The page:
None of us would wish to be called a religious fundamentalist. Fundamentalists are inevitably violent – whether engaged in full-scale terrorism and extremist politics, or, on a more personal level, oppressing family, friends or co-religionists. Their refusal to integrate into society is a dangerous and expensive problem for everyone.
So what do we make of 'I am the Way, the Truth and the Life. No one comes to the Father except through Me'? Can we explain it away – Christ was speaking in the language of his time, he lived in a society different from ours? Or do we have to take the risk of being accused of fundamentalism because of our faithfulness to Christ, the Word of God? To be misunderstood as he was misunderstood?
It's often pointed out that fundamentalists are notoriously ignorant of their own scriptures. Agitating, oppressing, writing poisonous blogs and perhaps the occasional bit of bomb-making consume a lot of time and energy, so there is little possibility for serious study. But it is more – dare I say? – fundamental than that. Because each of us has an inner fundamentalist: fundamentalism, like all forms of violence, comes from fear. And when we are frightened, we don't listen. But we cherish listeners because they are open to the truth in us. So let us listen again to these words of Christ.
'I am the Way' – Christ is a road. A road is a journey. We are never the same at the end of a journey as we were at the beginning. It changes us – it is a pilgrimage.
'I am the Truth' – the Truth that meets us on the road. We Christians have not 'got' the Truth. The Truth has got us. Our encounter with Truth is first of all a journey of change in us. Going the way of the Lord tells us the Truth about who we really are, and the surprise of what we are becoming.
'I am the Life' – this journey of Truth gives us life. It is never oppressive or destructive. Where this way of life-giving truth causes conflict and rupture, as it can, it's because it exposes refusal, lies, and violence which have lain hidden. As with the life of Jesus. It is also a journey which lasts all our lives – with the ups and downs that is bound to involve.
It's not an accident that these words of Jesus, recounted so beautifully by St. John, are images, poetry indeed – just like the 'cornerstone' which is St. Peter's image for Christ. Nor is it an accident that over 2,000 years the Church has nurtured art and culture, including cathedrals with their cornerstones and more. Poetry and art can reveal hidden connections, open windows, let in light and the breath of the Spirit – inspiration.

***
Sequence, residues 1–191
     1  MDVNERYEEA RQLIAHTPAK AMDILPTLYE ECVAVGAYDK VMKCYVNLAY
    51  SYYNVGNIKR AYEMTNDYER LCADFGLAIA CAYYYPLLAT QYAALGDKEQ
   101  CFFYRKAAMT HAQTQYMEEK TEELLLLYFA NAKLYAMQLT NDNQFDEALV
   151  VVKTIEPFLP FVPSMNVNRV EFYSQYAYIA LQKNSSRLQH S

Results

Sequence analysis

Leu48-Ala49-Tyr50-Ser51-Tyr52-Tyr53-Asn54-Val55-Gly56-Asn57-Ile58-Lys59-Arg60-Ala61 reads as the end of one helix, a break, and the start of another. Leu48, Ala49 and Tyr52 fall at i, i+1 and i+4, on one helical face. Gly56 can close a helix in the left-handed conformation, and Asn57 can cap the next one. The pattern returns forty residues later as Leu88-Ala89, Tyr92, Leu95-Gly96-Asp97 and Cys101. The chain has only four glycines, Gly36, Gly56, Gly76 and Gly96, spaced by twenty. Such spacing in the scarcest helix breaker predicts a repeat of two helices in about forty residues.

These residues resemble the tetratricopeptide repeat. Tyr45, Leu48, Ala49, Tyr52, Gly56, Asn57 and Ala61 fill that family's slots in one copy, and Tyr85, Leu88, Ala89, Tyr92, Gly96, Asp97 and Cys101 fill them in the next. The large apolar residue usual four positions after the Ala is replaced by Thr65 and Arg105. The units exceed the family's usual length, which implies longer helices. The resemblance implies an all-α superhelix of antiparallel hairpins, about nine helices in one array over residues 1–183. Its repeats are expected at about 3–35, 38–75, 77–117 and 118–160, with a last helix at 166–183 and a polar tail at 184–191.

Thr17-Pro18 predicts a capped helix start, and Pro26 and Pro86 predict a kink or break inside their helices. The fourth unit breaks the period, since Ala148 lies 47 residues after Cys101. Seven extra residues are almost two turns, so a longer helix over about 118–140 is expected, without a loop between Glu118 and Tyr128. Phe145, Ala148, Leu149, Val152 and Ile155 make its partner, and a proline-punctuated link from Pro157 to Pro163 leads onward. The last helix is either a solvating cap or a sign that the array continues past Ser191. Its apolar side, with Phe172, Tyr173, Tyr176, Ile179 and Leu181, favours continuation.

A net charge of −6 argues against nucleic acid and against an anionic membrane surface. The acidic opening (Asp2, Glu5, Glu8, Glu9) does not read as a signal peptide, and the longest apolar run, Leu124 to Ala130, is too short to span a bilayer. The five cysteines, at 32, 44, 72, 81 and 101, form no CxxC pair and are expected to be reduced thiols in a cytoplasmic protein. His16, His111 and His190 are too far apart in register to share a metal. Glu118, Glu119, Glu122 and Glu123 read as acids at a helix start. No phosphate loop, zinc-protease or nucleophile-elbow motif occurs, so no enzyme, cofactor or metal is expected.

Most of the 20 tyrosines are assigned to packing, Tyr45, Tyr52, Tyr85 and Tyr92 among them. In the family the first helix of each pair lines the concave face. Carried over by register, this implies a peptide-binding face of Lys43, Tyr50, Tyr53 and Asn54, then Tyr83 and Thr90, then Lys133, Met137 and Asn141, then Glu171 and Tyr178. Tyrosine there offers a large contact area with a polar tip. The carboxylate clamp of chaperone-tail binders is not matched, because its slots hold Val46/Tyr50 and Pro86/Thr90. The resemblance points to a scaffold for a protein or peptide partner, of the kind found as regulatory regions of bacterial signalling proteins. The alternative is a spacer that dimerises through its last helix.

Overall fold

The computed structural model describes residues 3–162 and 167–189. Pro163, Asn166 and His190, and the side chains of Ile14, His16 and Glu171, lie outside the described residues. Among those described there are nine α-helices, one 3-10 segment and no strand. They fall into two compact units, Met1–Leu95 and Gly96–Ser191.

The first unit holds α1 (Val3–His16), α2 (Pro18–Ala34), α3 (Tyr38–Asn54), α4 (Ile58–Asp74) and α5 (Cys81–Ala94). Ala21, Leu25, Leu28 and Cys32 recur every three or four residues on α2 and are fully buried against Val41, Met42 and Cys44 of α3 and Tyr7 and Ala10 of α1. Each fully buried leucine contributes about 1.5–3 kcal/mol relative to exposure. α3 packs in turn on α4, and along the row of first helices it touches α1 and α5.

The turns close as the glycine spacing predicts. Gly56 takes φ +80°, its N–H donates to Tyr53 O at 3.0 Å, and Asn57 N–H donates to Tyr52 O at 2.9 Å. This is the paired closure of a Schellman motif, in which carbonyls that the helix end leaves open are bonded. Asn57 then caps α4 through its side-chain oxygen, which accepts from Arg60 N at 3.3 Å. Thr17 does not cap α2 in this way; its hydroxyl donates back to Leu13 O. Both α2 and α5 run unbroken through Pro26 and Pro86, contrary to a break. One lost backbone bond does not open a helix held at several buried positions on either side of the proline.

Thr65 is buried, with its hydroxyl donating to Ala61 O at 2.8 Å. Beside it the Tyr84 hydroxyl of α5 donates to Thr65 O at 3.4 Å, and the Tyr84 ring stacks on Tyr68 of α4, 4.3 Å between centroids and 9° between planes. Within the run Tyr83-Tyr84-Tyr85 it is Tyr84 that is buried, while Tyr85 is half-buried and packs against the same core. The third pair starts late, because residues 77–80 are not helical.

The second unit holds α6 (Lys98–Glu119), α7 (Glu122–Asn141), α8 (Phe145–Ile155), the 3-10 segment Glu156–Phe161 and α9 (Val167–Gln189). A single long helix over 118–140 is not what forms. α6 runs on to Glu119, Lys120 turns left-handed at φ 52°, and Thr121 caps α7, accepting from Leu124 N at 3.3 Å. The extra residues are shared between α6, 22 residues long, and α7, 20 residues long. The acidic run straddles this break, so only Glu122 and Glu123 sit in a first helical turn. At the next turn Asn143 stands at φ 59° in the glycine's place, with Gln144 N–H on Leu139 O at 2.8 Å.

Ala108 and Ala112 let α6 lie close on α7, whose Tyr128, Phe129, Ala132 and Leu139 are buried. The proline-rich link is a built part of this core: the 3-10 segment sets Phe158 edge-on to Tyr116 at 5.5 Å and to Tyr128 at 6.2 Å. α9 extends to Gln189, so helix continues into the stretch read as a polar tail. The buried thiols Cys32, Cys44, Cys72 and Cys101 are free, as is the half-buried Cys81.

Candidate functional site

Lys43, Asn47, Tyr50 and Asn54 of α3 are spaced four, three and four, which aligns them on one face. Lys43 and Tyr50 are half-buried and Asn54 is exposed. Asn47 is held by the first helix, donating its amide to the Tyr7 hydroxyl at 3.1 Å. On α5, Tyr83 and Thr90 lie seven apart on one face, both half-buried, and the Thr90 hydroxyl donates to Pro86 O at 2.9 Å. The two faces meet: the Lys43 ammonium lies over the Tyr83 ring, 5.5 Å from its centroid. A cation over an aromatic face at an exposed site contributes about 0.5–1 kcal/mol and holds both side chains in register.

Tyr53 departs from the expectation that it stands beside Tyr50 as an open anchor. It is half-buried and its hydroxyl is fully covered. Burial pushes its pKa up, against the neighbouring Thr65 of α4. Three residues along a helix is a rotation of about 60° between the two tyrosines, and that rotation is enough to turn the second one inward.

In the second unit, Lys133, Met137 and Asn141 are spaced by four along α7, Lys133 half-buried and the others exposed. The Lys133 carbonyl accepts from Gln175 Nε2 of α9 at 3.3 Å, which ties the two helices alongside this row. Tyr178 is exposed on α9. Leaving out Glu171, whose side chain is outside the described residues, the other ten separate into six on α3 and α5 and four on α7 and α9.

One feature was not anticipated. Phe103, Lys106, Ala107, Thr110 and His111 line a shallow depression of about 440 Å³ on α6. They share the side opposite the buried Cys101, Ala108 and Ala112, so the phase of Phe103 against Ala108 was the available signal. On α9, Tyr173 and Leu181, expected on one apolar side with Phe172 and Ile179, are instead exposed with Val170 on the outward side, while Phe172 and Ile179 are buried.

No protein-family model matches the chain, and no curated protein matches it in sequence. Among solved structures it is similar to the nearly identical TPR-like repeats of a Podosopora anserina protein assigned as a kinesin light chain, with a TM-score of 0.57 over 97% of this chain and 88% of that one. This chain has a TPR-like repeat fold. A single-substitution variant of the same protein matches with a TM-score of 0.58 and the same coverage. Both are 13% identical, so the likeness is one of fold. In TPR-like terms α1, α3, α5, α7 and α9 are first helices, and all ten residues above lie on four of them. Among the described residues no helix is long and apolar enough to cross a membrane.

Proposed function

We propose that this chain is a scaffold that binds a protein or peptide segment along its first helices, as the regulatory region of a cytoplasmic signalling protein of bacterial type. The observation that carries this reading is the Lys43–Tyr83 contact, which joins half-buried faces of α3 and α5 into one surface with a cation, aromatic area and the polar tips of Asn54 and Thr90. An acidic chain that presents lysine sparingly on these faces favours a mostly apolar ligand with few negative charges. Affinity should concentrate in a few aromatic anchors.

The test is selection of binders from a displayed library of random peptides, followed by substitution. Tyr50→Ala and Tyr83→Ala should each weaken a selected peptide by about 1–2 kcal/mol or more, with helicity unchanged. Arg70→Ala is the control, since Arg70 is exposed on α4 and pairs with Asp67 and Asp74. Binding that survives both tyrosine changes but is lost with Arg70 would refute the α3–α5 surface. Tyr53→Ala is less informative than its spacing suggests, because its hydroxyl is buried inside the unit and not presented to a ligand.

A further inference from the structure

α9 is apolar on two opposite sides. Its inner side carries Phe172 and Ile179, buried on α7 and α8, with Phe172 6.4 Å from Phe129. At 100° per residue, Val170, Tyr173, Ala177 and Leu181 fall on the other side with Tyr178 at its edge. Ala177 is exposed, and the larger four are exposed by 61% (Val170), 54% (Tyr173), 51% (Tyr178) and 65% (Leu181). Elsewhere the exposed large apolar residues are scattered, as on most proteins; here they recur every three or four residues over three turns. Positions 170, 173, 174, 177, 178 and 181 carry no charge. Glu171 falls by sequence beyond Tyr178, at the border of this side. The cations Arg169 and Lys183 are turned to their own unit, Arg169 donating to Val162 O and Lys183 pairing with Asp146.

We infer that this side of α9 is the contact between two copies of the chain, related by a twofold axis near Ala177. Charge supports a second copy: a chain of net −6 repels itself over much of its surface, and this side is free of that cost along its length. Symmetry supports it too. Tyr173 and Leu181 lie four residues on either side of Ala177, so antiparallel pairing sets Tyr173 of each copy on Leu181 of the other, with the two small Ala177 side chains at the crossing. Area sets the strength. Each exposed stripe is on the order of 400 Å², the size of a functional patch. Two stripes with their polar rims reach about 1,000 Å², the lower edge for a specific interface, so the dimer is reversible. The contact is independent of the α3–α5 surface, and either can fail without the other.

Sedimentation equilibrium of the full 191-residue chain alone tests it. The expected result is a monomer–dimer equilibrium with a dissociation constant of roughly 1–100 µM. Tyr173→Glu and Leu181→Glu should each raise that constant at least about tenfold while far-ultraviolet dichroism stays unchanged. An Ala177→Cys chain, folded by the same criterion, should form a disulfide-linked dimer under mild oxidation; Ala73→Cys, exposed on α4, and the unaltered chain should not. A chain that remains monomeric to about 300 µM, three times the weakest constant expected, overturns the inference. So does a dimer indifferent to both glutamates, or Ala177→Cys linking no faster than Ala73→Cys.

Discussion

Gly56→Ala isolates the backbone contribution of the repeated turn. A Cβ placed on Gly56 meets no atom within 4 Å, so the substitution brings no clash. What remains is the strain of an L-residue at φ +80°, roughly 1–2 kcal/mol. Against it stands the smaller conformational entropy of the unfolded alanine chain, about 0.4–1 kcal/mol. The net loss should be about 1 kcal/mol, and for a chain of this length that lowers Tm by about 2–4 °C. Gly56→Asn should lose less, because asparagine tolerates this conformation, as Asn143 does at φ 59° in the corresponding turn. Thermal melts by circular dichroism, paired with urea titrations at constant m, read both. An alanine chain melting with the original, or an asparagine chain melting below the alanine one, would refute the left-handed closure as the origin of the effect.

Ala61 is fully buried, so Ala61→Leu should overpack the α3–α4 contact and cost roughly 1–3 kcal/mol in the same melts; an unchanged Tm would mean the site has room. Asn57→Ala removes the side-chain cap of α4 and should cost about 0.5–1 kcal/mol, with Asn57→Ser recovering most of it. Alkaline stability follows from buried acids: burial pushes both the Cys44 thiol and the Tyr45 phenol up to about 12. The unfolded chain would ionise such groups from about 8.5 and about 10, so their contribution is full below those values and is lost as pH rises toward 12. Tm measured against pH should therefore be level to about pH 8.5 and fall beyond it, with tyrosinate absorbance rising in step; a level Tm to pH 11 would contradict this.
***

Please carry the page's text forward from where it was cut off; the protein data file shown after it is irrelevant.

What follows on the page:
Not that all art is life-giving: because art reveals first of all the truth about the artist, it can reveal the artist's wounds and destructive instincts. Such art, strangely, is not far from fundamentalism. The one difference is that fundamentalism is in denial about its own violence – so either it tries to control and use art, or suppresses it. But the artist who admits he or she is wounded is half way to being healed. And if we are people who dare to listen, and if we then experience with art which has dared to make a step of life – then, we are encountering the truth.
Encountering the Truth – being changed by it – is being made into works of art, icons of the light of Christ. Once changed into truth, we become artists of life along the way, giving life to others. Which also means, as I say, hidden refusal, lies and violence being exposed.
But more than that, it means a journey into freedom. Faced with the problem of caring for the poor when the demands of prayer and preaching were growing, the Church was creative enough to make the new ministry of deacons, while always remaining faithful to the truth of Christ, without deviating into flights from reality.
And so Christ is the Truth in whom we can be confident – because we have dared to let him change us.